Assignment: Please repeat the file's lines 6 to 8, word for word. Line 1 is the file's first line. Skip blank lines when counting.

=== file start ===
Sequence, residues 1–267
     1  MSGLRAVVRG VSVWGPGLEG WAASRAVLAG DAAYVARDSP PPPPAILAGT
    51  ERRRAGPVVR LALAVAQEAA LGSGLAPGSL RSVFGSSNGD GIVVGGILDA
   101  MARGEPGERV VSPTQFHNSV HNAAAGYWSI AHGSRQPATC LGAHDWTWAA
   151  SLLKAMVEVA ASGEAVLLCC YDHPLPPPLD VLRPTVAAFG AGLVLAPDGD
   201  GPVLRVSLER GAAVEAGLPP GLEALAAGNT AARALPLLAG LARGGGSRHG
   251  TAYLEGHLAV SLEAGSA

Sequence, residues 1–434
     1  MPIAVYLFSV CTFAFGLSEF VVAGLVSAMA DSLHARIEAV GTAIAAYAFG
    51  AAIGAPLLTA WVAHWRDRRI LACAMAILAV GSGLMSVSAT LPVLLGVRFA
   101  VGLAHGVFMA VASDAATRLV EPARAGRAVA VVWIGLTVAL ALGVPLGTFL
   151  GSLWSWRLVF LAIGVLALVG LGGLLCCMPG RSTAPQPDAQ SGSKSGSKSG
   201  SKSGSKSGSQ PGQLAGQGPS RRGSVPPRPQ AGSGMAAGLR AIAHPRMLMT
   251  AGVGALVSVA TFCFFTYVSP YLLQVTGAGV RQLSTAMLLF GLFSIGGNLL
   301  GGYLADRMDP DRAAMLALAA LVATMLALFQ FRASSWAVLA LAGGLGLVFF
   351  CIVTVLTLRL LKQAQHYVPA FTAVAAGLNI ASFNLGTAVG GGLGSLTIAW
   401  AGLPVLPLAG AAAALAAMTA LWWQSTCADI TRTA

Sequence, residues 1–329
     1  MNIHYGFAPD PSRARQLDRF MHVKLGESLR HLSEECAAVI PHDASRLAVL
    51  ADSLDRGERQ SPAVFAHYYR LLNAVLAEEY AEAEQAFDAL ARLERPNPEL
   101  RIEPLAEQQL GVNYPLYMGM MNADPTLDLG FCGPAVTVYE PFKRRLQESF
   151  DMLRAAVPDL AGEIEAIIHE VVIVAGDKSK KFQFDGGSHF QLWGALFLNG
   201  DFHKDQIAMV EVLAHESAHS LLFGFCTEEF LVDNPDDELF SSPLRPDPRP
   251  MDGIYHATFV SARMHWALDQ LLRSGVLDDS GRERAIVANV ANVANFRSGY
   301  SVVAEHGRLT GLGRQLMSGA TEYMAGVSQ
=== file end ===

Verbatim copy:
   201  GPVLRVSLER GAAVEAGLPP GLEALAAGNT AARALPLLAG LARGGGSRHG
   251  TAYLEGHLAV SLEAGSA

Sequence, residues 1–434